Jokingly, or maybe not, Highland said she likes to pick on boys and beat them up. She does smile after saying that. “I like to show them that girls aren’t just what they think they are; they can be so much better.”

Her wrestling teammates treat her well, she said, and they call her Ed, a nickname her dad gave her. “Calling me Ed makes them more comfortable, because it’s more like I am a guy,” she said.

And in the wrestling practice room, it doesn’t matter that she’s not a guy. Coaches Corbin and Pelzer say she’s treated just like everyone else and she works just as hard as everyone else.

Highland said boys sometimes forfeit to her or, in middle school since there are no actual forfeits, boys sometimes choose not to wrestle her. She wishes they wouldn’t “not” wrestle her. “Guys should be ready for anything and act like I am any other person or guy, because I practice just as hard and just the same as any other guy,” she said.

Coaches, however, do understand there can be a stigma for boys. and that’s why at that level, they give boys the choice.

Maybe boys just back down when they see Highland walk into a meet. She said she loves to walk in looking mean and intimidating. She’s got this face, she said, that she has whenever she gets mad about anything. It’s the face she has if she’s mad at a teacher, and it’s the face she has after a practice where she thinks she could have done better.

“My attitude,” face and all, she said, “comes from myself. You can’t really achieve much in life if you just give up. You have to strive to achieve.”

Her father, Chad, said it’s been exciting to watch his youngest daughter wrestle. He likes “seeing how motivated and intense she gets and when she loses, she really takes it seriously…because she wants to be better.”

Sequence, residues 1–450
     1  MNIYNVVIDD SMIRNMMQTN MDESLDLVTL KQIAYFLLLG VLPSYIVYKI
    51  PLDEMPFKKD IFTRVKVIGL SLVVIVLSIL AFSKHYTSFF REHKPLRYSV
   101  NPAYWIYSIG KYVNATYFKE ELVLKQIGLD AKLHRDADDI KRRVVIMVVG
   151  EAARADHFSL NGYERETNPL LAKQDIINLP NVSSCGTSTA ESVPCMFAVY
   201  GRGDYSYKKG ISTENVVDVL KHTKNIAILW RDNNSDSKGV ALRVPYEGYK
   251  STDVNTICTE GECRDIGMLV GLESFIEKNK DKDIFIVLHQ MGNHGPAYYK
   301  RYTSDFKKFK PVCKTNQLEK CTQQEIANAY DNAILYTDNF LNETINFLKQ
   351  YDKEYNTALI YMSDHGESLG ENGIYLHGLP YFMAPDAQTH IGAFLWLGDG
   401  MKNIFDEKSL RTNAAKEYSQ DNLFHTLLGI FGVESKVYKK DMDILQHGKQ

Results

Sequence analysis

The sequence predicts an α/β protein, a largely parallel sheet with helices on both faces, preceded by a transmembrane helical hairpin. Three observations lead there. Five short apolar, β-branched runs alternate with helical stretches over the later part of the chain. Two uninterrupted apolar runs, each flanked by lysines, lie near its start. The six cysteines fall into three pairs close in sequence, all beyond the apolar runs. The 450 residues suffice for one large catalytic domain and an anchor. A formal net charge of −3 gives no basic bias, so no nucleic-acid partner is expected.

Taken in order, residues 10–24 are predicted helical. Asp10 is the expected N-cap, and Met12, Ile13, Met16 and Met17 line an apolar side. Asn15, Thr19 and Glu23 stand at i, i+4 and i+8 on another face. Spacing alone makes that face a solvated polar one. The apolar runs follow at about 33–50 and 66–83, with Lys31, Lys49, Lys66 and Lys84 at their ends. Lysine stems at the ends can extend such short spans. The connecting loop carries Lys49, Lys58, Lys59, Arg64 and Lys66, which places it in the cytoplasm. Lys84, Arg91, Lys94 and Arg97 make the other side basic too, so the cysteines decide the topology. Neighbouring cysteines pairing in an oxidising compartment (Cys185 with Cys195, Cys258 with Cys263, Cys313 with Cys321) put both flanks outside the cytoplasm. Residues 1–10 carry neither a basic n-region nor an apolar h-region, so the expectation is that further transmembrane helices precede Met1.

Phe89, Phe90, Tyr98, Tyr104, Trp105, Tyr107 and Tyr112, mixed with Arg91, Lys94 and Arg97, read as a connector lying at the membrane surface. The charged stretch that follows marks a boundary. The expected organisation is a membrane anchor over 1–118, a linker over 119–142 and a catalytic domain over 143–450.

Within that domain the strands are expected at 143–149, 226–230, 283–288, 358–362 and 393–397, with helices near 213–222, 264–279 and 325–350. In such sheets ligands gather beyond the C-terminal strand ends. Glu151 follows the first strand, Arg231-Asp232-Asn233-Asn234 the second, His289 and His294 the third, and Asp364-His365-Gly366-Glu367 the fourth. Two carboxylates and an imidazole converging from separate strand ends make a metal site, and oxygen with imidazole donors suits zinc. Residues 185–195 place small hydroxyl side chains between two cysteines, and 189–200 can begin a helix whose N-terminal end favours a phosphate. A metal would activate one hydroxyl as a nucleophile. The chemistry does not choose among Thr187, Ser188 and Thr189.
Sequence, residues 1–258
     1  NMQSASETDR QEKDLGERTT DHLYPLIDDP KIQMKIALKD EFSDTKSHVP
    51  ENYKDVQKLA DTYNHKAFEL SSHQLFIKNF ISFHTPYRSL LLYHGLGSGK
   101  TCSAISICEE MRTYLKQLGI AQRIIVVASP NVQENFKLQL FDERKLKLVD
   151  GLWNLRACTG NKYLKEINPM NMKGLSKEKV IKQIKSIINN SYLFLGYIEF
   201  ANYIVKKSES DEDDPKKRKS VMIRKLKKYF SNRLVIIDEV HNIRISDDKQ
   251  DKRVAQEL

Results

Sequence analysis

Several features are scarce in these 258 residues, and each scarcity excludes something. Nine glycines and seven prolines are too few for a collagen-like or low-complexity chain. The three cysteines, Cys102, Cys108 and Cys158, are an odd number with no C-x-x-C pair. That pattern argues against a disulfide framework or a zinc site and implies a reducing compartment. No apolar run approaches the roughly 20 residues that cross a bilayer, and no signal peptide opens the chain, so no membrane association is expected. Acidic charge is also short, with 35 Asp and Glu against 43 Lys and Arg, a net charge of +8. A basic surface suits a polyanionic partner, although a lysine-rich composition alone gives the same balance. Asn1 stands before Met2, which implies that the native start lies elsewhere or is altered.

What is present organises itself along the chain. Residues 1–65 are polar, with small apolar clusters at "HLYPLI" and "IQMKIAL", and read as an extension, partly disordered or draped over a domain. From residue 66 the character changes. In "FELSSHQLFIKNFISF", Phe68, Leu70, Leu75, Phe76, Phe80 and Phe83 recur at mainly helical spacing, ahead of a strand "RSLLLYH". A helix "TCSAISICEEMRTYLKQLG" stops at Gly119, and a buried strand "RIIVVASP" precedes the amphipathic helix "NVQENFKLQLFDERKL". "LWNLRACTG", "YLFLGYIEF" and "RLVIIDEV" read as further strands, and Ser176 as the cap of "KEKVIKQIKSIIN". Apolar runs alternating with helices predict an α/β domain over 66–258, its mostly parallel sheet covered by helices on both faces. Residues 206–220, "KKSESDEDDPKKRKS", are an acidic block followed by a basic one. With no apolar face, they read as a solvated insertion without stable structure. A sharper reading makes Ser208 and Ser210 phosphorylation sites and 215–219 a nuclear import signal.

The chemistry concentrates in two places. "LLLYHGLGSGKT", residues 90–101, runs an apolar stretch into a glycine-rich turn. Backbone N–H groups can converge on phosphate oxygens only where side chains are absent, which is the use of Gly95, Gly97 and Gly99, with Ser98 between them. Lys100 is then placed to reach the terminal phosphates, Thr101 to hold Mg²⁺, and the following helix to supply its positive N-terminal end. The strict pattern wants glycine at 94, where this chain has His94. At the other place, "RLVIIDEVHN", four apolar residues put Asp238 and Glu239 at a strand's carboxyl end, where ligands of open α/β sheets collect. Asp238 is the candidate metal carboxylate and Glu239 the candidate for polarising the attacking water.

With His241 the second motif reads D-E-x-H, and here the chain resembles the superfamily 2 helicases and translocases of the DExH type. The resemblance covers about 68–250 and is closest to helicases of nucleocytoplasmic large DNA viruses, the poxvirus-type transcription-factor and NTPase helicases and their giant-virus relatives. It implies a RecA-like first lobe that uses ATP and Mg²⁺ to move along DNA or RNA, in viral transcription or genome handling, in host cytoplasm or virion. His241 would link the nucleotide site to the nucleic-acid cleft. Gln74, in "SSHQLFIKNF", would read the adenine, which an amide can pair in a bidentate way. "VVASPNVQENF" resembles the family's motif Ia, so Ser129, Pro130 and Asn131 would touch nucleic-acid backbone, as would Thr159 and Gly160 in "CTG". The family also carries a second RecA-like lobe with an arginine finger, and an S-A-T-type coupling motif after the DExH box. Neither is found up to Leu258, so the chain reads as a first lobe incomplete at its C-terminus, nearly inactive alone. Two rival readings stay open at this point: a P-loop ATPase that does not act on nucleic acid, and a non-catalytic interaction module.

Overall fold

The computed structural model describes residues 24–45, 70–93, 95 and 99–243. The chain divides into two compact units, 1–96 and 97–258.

Chad, Corbin and Pelzer, and even middle school athletic director at Nevada Schools Kody Asmus, all feel it would be nice to see Iowa eventually have boys’ and girls’ teams for wrestling.

“With (female wrestling) being a part of the Olympics, it would be great to get more girls involved,” Chad said.

Involvement is what would be needed, Asmus said. “If there’s enough interest and people involved, I don’t know why not.”

The Highland family saw a lot of interest in female wrestling in the state of Iowa when Eden was told about and entered the Female Elite Wrestling (also known as The FEW) Championship at Norwalk after the last school year season ended. She took third place in her weight class, and there were a lot of girls there, she said. She wants to compete in that again when this regular school season ends.

It takes guts to be a girl in a male-dominated sport, and it takes thick skin too. “I know sometimes people talk about me behind my back,” Highland said, but she doesn’t care that much. “My team is pretty confident in me,” she said.

And she’s pretty confident too. Confident enough to say without hesitation that she’ll be wrestling in high school. “I’m going to try it, at least for my freshman year.”